Ng cited sobering research in which health care providers reported experiencing symptoms such as acute stress, depression, anxiety and insomnia during the pandemic. Providers also reported the crisis has negatively affected their physical well-being, use of substance and alcohol, and feelings of burn out.

"We've definitely seen the important intersection of health and mental health during this period of time. If there's one thing that COVID-19 revealed more than anything else, it was also really the impact on our mental health and well-being of not only the pandemic, but also social isolation, as well as some of the ramifications of that whole pandemic experience," he said.

Lasting consequences

Ng also noted a 2021 Washington Post/Kaiser Family Foundation study that surveyed about 1,300 health care providers with 62 percent of respondents indicating the pandemic has had a negative impact on their mental health. Yet, Ng noted, there is still a stigma attached to seeking mental health care, particularly among medical professionals.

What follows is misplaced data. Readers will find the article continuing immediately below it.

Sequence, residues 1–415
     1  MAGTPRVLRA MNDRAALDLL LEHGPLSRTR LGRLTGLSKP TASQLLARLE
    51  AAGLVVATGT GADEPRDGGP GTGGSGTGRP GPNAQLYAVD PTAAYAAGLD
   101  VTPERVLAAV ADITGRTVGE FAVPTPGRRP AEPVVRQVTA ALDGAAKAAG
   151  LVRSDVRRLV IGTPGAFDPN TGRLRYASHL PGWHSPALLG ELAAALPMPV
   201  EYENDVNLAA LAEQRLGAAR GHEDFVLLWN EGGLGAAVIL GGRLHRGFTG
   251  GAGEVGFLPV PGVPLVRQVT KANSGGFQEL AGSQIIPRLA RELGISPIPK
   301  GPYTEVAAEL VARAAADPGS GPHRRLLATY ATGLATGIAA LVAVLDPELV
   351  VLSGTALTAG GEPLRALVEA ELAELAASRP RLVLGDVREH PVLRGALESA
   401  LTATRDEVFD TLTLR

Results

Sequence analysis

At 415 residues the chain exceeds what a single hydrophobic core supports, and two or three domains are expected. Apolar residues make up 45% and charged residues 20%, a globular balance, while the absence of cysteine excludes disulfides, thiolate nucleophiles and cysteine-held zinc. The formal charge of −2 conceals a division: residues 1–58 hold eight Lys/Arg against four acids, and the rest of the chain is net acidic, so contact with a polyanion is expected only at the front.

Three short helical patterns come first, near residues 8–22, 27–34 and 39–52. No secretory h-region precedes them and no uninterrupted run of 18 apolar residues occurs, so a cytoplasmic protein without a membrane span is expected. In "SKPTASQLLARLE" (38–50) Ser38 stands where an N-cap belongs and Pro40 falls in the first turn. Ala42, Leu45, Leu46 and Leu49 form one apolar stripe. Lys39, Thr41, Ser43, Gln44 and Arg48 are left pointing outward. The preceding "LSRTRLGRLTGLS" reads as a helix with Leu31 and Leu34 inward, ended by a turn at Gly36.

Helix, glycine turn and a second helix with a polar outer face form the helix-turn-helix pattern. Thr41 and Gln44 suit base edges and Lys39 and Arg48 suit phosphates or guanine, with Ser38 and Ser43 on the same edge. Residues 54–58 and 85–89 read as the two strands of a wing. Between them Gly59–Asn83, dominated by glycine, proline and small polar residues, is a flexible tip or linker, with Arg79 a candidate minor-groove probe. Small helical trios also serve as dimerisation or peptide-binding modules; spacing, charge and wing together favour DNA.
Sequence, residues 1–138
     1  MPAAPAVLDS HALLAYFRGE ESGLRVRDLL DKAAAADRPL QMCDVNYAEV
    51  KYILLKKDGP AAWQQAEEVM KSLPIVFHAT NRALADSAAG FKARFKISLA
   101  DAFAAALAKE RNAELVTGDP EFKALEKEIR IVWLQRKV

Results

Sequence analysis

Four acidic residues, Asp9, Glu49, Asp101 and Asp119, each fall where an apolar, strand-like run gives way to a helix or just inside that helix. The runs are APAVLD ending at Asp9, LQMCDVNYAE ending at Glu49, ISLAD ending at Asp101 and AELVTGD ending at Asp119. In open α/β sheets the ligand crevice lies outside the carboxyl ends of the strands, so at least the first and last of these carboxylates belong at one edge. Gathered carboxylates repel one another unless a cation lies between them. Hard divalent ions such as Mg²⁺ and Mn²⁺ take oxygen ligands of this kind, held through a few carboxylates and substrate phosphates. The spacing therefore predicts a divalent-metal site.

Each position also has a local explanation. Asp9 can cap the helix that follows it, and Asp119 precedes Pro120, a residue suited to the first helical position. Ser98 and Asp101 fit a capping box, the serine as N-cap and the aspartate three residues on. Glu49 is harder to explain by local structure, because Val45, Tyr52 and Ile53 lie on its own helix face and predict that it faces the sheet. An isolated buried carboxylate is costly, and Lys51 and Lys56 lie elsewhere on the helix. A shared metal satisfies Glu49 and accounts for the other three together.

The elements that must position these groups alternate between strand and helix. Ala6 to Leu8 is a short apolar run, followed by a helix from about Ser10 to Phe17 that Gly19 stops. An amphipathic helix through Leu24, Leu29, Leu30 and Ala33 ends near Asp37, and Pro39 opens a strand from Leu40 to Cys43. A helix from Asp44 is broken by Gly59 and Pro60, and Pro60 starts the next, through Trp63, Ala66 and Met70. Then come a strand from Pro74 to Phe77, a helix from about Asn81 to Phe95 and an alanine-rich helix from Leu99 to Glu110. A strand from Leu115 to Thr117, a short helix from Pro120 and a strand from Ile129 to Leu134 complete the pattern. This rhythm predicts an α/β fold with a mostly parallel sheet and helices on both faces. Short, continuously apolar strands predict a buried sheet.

"The COVID-19 pandemic revealed an experience that we've been seeing overall in healthcare in terms of burnout, mental health issues and suicide. These are not new issues. They have only been compounded by this additional pandemic disaster response," he said. "As leaders within our field, institutions and teams, one of things we can do to evolve from this experience and take meaning out of all of the loss and challenges of the past year is to consider how can we make things better. Implementing even small things into our schedule or routine would be very meaningful."

Hope for the future

Ng also shared the success of CopeColumbia, a broad, evidence-based initiative launched at Columbia University Medical Center during the pandemic to foster well-being, resiliency, coping strategies and peer support for faculty and staff. Led by a multidisciplinary team of providers at the medical center, including mental and behavioral health experts, the effort included team sessions, peer support groups, town halls, webinars and a website to disseminate information and support resources.